On the Difficulty of Translating Free-Order Case-Marking Languages

Arianna Bisazza, Stephan Sportel, Ahmet Ustun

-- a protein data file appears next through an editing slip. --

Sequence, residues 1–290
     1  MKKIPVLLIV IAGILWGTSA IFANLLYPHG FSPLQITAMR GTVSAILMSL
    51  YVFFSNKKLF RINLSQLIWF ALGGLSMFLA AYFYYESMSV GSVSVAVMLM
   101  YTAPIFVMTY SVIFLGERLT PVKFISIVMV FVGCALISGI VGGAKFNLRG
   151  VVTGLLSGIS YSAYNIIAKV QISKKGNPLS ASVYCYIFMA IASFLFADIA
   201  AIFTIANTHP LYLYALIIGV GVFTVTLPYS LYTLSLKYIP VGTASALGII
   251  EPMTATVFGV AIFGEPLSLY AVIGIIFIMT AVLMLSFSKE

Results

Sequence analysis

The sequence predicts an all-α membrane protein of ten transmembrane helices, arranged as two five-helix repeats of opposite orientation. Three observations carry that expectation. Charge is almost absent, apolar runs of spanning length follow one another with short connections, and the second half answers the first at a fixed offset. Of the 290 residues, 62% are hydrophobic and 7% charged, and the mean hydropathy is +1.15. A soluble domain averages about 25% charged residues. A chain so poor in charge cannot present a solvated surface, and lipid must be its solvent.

Identifying factors that make certain languages harder to model than others is essential to reach language equality in future Natural Language Processing technologies. Free-order case-marking languages, such as Russian, Latin or Tamil, have proved more challenging than fixed-order languages for the tasks of syntactic parsing and subject-verb agreement prediction. In this work, we investigate whether this class of languages is also more difficult to translate by state-of-the-art Neural Machine Translation models (NMT). Using a variety of synthetic languages and a newly introduced translation challenge set, we find that word order flexibility in the source language only leads to a very small loss of NMT quality, even though the core verb arguments become impossible to disambiguate in sentences without semantic cues. The latter issue is indeed solved by the addition of case marking. However, in medium- and low-resource settings, the overall NMT quality of fixed-order languages remains unmatched.


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